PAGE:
Art as a generator of built form : towards a working museum at Rorke's Drift.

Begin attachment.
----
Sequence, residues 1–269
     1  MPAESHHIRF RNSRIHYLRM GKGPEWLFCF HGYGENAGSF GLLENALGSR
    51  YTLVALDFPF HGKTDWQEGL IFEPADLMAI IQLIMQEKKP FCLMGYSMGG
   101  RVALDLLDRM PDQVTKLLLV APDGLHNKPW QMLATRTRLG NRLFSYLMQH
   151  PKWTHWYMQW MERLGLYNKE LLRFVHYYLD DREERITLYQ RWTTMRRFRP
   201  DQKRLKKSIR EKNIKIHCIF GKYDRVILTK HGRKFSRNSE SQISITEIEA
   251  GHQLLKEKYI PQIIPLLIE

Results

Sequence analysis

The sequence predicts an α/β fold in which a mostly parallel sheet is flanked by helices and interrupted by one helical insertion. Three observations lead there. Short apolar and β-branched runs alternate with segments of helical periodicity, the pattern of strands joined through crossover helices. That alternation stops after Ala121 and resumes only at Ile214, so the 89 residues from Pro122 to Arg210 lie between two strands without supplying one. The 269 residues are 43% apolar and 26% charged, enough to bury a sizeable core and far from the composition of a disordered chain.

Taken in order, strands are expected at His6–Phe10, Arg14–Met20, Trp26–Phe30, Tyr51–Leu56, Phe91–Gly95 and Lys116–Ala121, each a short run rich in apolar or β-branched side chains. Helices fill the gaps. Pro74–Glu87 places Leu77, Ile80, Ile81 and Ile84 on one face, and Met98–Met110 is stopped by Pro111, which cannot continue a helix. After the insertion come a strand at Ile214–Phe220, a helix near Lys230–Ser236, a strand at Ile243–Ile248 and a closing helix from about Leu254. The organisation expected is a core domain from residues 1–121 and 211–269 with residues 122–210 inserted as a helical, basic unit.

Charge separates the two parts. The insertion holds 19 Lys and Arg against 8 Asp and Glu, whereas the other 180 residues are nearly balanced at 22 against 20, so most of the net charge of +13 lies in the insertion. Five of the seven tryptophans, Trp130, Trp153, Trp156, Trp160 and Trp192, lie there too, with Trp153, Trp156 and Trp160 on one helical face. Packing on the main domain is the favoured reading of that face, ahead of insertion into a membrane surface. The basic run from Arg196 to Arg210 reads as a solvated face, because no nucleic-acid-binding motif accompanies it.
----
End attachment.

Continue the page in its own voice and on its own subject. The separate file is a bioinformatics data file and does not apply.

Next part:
Broadly speaking, art can be described as man’s emotion made tangible, providing a visual memory of the past. Resistance art is no different save the strength of its embedded meaning bound to context through signs and cultural references. In a pre-liberation South Africa, resistance art formed one of the critical voices of opposition to the apartheid regime and from the Rorke’s Drift Art and Craft Centre in Zululand this voice resounded. The memory of this together with the memory of the Rorke’s Drift artists has become dissociated from the actual place resulting in a gap in the history of South African art as well as the history of KwaZulu-Natal and South Africa. In light of this, this document explores the potential of art to generate built-form. By examining the link between man, society and art through the review of relevant literature, it is found that memory can be revived as a key driver behind the meaning of art and built-form through the provision of place as governed by issues of cultural identity, symbols and meaning context and the experiential. This conclusion is extended through precedent studies to include the art in question and is proved through the use of a case study. The significance suggested is that there is a global opportunity for art to provide meaning to the built environment and a local potential to directly address the loss of meaning and memory of Rorke’s Drift. In other words, it is proposed that meaning can be returned to Rorke’s Drift if the fundamental issues of memory are addressed, thereby continuing the narrative of South African art and contributing to it in the future.